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Table of contents Glossary of acronyms ........................................................................................... iv Acknowledgements ............................................................................................... v Introduction to trainers on the use of this manual ................................................... 1 Purpose........................................................................................................... 1 What this manual contains .............................................................................. 1 How to use the manual .................................................................................... 2 Materials and supplies needed .............................................................................. 4 Section 1 Introduction (20 minutes)....................................................................... 5 Section 2 How to use an RDT (60 minutes)........................................................... 8 Section 3 How to take a finger-prick blood sample (30 minutes) ............................ 18 Section 4 Perform a malaria rapid diagnostic test (60 min) ................................. 21 Section 5 Read test results (45 minutes)............................................................. 23 Frequently asked questions ................................................................................. 26 Other useful reference materials. ......................................................................... 28 Job aid ................................................................................................................. 29 Sample test #1 ..................................................................................................... 30 Sample test #2 ..................................................................................................... 31 Sample test #3 ..................................................................................................... 32 Answer keys for sample tests ............................................................................... 33 RDT Interpretation Chart ..................................................................................... 35 Blank answer sheets for sample tests .................................................................. 36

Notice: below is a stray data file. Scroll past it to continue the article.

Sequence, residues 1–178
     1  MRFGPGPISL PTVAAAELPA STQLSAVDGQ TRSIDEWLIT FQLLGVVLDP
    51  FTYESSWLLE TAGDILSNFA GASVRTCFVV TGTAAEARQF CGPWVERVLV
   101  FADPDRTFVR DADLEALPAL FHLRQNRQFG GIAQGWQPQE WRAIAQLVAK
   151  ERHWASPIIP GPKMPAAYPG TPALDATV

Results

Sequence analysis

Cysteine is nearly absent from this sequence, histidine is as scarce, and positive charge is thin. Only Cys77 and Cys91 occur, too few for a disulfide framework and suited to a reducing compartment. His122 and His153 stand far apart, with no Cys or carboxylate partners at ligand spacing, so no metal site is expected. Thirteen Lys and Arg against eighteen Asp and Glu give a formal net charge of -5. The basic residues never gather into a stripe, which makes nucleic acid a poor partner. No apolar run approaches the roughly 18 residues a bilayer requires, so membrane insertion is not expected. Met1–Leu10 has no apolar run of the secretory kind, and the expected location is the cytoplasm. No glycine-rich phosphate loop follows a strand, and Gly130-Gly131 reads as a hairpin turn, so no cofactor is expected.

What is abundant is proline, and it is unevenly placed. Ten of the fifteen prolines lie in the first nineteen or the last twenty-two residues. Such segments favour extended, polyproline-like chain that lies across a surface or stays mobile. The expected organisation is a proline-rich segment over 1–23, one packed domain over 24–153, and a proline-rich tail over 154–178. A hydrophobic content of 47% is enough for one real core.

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Glossary of acronyms ACT....................................................................... Artemisinin combination therapy AFRO.................................................................... WHO – Regional Office for Africa ALRI....................................................................... Acute lower respiratory infection AQ....................................................................................................... Amodiaquine CHW.................................................................................Community health worker CQ.........................................................................................................Chloroquine HRP2........................................ Histidine-rich protein 2 (a malaria parasite antigen) MOH............................................................................................. Ministry of Health QAP..............................................................The USAID Quality Assurance Project pLDH................... Plasmodium lactate dehydrogenase (a malaria parasite antigen) RDT......................................................................................... Rapid diagnostic test SP..................................................................................Sulfadoxine-pyrimethamine URC........................................................................... University Research Co., LLC USAID..................................... United States Agency for International Development WHO............................................................................... World Health Organization WPRO................................................WHO Regional Office for the Western Pacific